Let them squirm at WBUR, or more correctly, pontificate; for all of its significant contributions to local journalism it has never mastered the immediacy that is radio’s best contribution to journalism (and I don’t mean dexterity in responding to fires and run of the mill police news, a steady diet of which helped to kill off radio news on the commercial band. It seems that WBUR needs considerable lead time to do much more than do a quick interview about that morning’s Globe hedlines)

    While some may hail this as preserving a classical station in Boston, it may do more than that. WCRB has, for the past 15 years, been something of a Top 40 classical station, with frequent use of a core of pieces which are mere portions of longer works. Hosts are fairly obviously pre-recorded in many dayparts, with the result being a decided lack of enthusiasm about the music that has been played; it’s difficult for an announcer reading a card about a piece he or she probably knows well but did not just hear to convey the regard for a particular recording that a Dave MacNeil, Dave Tucker or Richard Kaye brought to us daily. WCRB decided that The Girl With the Flaxen Hair needed to be heard constantly and that a stoic introduction of the piece by someone who wasn’t listening, merely sitting in a room reading notes, somehow conveyed respect for the music.

    Oh, and don’t believe purchase prices from industry “consultants” or “analysts” whose consulting consists of shooting the breeze and whose analysis consist of spitting back previously reported news.

  8. Boston Venerable Bede

    Boston has an opportunity to finally get quality in classical music as WFMT-FM Chicago provides. It has announcer read spots and quality classical music. If it happened here; people will notice and ratings will be up.

  9. An interesting move all around actually. I would agree with you Dan on the need for more local news/talk programming. As we both stated in a thread months ago, it really isn’t that hard or expensive to do if you move beyond the NPR mentality of having 12 people produce a show.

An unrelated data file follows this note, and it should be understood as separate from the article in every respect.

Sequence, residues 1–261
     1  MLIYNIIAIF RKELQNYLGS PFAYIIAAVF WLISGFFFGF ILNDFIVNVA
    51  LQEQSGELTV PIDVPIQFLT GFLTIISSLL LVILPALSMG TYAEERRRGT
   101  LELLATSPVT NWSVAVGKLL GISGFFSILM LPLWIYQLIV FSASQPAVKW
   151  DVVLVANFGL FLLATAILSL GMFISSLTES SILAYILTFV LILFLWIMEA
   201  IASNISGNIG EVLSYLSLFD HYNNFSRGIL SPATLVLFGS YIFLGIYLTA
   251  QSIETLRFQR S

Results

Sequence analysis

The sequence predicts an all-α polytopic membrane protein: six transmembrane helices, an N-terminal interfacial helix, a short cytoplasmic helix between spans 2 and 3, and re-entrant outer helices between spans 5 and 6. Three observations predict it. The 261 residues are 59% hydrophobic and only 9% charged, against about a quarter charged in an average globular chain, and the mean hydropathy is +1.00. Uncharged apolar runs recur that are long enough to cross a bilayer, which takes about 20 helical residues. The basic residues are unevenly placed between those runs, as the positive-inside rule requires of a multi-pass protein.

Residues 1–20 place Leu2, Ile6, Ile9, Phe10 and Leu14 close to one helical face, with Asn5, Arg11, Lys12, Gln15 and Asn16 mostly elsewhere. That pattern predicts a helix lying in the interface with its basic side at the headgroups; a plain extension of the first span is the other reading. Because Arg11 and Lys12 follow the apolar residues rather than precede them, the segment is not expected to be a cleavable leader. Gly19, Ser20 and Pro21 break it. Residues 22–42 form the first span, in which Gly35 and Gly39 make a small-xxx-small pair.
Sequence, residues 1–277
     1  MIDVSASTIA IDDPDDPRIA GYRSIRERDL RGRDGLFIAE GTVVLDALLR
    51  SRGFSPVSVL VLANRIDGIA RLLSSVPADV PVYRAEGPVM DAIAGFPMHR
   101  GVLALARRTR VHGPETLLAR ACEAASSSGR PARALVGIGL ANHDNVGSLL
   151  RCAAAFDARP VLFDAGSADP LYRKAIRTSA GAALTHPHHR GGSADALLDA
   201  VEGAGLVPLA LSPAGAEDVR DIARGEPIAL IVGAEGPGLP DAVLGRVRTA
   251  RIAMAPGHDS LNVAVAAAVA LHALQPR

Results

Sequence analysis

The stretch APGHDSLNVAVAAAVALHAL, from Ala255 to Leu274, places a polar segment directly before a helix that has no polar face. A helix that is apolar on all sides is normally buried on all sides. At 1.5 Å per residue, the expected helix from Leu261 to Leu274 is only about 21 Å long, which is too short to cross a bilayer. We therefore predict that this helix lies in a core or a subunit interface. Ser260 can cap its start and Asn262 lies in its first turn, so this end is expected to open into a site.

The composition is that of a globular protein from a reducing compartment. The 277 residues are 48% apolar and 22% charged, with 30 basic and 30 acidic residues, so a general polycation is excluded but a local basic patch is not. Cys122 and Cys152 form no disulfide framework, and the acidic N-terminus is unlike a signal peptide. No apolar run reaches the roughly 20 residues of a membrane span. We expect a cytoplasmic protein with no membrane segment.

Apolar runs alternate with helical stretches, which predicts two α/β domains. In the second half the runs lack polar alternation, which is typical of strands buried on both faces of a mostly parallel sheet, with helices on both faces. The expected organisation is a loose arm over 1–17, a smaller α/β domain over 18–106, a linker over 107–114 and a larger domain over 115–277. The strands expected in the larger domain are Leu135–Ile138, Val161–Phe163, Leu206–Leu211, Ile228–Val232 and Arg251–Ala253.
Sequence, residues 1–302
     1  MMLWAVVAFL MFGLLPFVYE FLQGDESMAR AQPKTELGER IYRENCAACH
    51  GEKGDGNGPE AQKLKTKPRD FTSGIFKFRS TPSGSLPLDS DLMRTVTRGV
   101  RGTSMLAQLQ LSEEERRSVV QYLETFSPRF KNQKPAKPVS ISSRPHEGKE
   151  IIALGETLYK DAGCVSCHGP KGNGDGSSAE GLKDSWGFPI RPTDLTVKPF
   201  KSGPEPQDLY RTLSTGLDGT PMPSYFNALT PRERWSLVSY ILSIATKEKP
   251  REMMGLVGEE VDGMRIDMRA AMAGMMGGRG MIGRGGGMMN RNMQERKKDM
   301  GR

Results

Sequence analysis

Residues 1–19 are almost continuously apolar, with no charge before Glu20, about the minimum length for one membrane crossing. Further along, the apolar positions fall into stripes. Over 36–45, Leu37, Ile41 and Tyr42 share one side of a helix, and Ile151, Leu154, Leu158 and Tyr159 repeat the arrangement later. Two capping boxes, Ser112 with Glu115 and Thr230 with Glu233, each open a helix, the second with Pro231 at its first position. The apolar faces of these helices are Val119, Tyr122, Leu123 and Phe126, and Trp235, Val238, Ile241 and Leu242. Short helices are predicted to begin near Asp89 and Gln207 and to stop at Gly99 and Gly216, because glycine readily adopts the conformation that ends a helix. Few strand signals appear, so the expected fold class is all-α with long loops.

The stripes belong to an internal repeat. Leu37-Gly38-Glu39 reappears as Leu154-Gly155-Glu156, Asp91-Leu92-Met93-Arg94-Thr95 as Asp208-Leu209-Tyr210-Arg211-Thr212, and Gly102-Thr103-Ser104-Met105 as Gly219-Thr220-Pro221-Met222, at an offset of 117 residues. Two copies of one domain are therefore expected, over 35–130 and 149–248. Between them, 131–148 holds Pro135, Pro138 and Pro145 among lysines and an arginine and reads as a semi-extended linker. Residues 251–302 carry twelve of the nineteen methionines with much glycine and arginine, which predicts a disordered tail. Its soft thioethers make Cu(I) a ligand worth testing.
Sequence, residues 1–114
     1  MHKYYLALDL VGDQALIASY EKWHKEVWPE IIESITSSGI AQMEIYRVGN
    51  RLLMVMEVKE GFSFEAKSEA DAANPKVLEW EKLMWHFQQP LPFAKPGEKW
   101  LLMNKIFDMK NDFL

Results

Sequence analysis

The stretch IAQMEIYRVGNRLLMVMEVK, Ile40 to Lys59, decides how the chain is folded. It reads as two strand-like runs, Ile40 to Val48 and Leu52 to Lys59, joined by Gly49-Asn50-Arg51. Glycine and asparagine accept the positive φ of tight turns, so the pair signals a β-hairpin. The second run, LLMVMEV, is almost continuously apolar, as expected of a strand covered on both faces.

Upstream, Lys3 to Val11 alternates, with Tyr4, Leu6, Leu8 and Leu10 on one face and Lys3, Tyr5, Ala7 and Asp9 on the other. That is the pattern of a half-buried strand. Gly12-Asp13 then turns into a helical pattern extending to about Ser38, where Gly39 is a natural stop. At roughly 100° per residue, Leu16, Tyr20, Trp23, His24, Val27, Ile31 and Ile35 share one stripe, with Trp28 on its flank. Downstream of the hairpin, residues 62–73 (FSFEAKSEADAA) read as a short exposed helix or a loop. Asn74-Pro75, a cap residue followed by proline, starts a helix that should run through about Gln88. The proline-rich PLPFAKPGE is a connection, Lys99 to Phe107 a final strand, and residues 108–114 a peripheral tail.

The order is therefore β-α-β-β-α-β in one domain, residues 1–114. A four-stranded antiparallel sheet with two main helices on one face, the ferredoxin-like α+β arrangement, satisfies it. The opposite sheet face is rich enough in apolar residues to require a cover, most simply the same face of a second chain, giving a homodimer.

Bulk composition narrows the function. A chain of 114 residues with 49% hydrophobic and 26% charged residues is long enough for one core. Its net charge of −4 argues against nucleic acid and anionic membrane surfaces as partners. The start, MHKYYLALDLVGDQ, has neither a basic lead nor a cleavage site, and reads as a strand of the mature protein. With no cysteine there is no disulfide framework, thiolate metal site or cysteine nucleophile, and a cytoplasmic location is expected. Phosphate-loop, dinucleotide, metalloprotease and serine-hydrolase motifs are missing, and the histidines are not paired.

10. murf

    This is a great move for WGBH and classical music in Boston. As a casual classical fan who has been listening to WCRB on and off for nearly 20 years, I have grown tired of their limited playlist. ‘GBH does a far better job of programming their classical slots.
    As to NPR programming WBUR does not offer, I LOVE To The Best of Our Knowledge – it is one of my two favorite podcasts. I’m sure it would do well in this market.
    I’m also glad ‘GBH will keep jazz – I’m still recovering from the death of WERS’s Jazz Oasis.
    I look forward to the change.

  11. Patricia

    It’s interesting to compare this move with the NPR/classical musical chairs that Our Nation’s Capital has seen over the past few years.

    Earlier in this decade, the two major public radio stations in DC were WETA, with a mix of classical and newsmagazine shows, and WAMU, which was public affairs. Then in February 2005, WETA decided to drop all music programming and go head-to-head with WAMU in public affairs (NPR and BBC). In the meantime, a longtime commercial classical music station, WGMS (for “Washington’s Good Music Station”), kept chugging away, although it got shifted to a couple of really rotten frequencies that were not heard in parts of our sprawling metropolis. Then in 2007, WETA made an agreement with the WGMS owner, and WETA flipped to all classical all the time (with the WGMS library). WGMS is now the call sign for one of WETA’s repeater stations. WAMU is still plugging away with public affairs (although it took over one folk-music show from WETA).

    Ratings? Well, all-news WTOP is still the top of the heap (you’d listen to it too if your road traffic was as bad as ours). WAMU is third among all stations, and WETA is seventh. (The rock station is 16th.)

    Sources: Wikipedia and dcrtv.com.

  12. Joseph

    WGBH will fail if they try to take WBUR head-on with a all-day or 24/7 NPR news/info format.

    What WGBH should do is drop NPR news/info programs from 89.7 (as well as classical) when it acquires WCRB, move the WGBH/BBC co-production “The World” to 7-8 P.M. (repeat 4-5 A.M.), and go jazz from 5 A.M. to 7 P.M. and 8 P.M.-4 A.M.

    I think a 22-hour-a-day jazz format can succeed in Boston, and ‘GBH already has a good head start, what with their successful evening/overnight jazz block.

  13. Ben

    Aaron Read, I think WGBH’s signal strength will be an asset that makes it very competitive. My experience is that WGBH is the only NPR station that is consistently strong in Southeastern MA. You’re right, there are other competing stations, but driving just 15 highway miles on I-195, I need to change between three of them to stay with NPR.